We just thought we were mates. When all along and we never knew it , we have been practising Ubuntu – the African experience of life in which, recognizing our interconnectedness. we bcome better humans. Together.
Which basically means gossiping.
We all come from different backgrounds – some with degrees , some without – but we all know about one study the same thing. Our skin and the best way we can keep it healthy.
Every tea and coffee break and quite a few lunch times become forums to discuss the latest wonder potions and beauty products. We are all experts of skin and hair care, cuticle consultants and amateur dermatologists.
That’s why we decided to compile an A-Z of Beauty.
South African warthogs love it. Sub-Saharan African rhinos love it. Sub-equatorial baboons have been known to get intoxicated on it. And quite a few other South African animals are turned on by it.
Murala is how elephants keep their looks and keep the free radicals at bay.
Have you ever wondered why vervet monkeys never suffer from split ends? And how elephant maintain such young-looking, healthy, hydrated skin? How they protect themselves against acne, UV damage and other environmental aggressors?
It’s their diet. Not knowing about its proven microbial properties and that it provides ultra-effective after-sun care for sensitive skin types and caring more about its nutritious proteins, elephants eat prodigious quantities of marula. And humans are now utilizing the multi-benefit superfruit in a variety of healthy-giving, cosmetic ways.
Companies like “Africology!” use marula oil which is anti-microbial and non-comedogenic , keeping the skin hydrated by preventing trans-epidermal water loss.
“!Africology” also uses the African potato ( rich in sterols and sterolins helpful in the treatment of acne, eczema and psoriasis) , “rooibos” ( red bush which contains alpha-hydroxy acid, a compound beneficial for maintaining healthy skin, and is also rich in iron, potassium, copper, manganese, magnesium, calcium, zinc and sodium. Native to southern Africa, aloe ferox leaves are used for sensitive complexions. African tribeswoman have been using the flora surrounding them for centuries for skincare.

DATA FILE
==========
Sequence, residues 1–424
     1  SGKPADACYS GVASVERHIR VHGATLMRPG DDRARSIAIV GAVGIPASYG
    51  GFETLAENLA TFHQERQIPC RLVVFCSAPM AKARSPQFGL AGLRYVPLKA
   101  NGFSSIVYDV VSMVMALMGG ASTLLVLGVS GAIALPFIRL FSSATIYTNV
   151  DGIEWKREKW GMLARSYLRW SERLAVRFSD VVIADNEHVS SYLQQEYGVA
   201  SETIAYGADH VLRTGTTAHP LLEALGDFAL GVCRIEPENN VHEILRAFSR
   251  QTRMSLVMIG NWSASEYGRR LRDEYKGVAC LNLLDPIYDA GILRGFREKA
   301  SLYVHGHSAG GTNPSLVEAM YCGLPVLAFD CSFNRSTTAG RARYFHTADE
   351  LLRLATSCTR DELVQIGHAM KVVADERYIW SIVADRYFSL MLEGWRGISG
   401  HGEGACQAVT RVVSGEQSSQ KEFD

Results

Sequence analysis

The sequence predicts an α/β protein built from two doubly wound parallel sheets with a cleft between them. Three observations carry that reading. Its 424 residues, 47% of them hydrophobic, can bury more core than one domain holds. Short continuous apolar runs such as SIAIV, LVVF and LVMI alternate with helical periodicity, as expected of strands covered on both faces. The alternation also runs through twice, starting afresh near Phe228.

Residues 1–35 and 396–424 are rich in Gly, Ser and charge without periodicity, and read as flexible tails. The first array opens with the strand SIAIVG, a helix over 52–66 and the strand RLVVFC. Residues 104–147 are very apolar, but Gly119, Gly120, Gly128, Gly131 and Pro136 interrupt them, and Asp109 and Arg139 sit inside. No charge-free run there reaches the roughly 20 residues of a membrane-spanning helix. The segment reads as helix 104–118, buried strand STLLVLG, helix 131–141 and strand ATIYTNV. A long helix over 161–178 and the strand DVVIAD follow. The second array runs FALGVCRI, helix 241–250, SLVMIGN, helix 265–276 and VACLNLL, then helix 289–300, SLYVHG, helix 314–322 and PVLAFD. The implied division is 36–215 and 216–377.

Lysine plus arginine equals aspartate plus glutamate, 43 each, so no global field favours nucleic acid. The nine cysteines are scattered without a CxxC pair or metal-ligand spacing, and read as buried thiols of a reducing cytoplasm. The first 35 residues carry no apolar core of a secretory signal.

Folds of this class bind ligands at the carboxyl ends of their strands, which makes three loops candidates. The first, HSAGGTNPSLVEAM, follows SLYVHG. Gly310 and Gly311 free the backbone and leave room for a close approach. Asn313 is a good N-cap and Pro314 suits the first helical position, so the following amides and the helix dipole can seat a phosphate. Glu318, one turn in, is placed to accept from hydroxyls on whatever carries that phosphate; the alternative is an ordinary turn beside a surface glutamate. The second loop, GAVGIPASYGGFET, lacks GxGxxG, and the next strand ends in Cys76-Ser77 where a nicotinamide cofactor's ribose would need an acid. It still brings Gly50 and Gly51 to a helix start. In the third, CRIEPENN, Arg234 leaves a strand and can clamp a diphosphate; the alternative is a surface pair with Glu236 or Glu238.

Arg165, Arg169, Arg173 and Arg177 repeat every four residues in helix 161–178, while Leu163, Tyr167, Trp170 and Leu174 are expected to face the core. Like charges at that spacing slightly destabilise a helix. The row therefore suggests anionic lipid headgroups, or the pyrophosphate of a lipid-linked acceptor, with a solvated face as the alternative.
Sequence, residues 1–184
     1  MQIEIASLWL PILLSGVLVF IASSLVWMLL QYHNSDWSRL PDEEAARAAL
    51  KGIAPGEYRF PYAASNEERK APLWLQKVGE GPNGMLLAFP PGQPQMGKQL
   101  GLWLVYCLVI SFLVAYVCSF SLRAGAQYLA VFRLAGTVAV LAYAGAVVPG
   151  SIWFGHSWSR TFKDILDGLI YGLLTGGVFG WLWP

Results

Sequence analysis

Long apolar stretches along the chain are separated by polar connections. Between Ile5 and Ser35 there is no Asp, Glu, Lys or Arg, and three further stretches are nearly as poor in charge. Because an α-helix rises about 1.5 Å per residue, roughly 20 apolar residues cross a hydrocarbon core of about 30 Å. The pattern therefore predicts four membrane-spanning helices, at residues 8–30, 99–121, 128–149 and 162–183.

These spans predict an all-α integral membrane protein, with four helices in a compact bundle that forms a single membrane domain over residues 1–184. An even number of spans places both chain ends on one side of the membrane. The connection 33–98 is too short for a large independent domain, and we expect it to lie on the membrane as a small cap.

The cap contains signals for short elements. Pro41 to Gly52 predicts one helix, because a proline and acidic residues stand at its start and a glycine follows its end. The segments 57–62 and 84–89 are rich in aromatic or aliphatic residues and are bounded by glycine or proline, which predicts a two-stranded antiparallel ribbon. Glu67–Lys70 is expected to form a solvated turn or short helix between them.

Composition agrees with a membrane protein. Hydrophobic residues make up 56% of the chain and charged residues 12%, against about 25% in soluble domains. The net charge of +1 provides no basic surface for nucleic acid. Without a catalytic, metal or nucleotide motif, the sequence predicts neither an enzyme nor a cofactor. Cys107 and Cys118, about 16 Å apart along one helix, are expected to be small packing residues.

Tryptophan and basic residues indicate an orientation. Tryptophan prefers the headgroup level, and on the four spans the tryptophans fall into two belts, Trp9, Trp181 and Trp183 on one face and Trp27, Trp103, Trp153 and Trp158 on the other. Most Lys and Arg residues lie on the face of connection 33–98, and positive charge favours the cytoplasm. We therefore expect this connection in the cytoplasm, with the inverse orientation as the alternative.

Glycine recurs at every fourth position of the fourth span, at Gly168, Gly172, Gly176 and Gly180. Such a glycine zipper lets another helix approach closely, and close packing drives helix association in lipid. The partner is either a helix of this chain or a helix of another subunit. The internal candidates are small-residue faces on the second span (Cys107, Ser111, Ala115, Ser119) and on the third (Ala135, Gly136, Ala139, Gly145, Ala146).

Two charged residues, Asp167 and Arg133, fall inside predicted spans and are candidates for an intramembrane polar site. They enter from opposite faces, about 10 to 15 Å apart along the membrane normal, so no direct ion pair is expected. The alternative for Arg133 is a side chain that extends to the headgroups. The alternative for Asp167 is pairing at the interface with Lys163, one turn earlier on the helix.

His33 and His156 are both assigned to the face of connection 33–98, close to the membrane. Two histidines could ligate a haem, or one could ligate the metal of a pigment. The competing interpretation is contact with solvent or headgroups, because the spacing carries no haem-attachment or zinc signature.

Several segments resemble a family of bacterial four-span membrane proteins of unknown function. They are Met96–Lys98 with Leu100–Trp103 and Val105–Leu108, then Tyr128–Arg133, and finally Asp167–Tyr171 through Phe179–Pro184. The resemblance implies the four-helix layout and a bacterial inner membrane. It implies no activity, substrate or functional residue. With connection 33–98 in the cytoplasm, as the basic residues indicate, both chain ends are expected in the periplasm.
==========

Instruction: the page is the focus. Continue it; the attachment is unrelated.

The Swaziland Queen Mother has her own job creation and poverty alleviation projects. She even has her own cosmetics label, “Swazi Secrets” , which produces not only cold-pressed, wild-harvest marula soaps but also ximenia ( sour plum) and trichilia (Cape mahogany) skincare and spa products..
African Botanics” makes Marula Stretchmark Body Oil.
Grounded in ancestral knowledge and abundance, A-Beauty is buzzy. “At Epara we believe luxury is not about ostentatiousness or glamour, “ says founder Ozoh Adio who went to Oxford University and worked in finance, strategy and business development.
“It’s a precious quality of handcrafted products with a true spirit of authenticity. Our customers deserve skincare that treats them to the finest in natural luxury.” Ingredients include plankton extract, Kenyan moringa oil, Moroccan argan, Madagascan ,ylang ylang, Ghanaian shea butter, and Egyptian neroli.
Epara means “to cocoon oneself” in the Nigerian dialect of Ebira. It is a collection of handcrafted skincare products tailored to the underserved needs of women of colour. One woman’s quest to discover luxury skincare that caters to the unique issues affecting women of colour led to a bespoke beauty brand created especially to nourish and protect.
Ozohu Adoh uses advanced scientific formulations harness the healing, antioxidant and nurturing properties of African botanicals with particular focus on hyperpigmentation and hydration.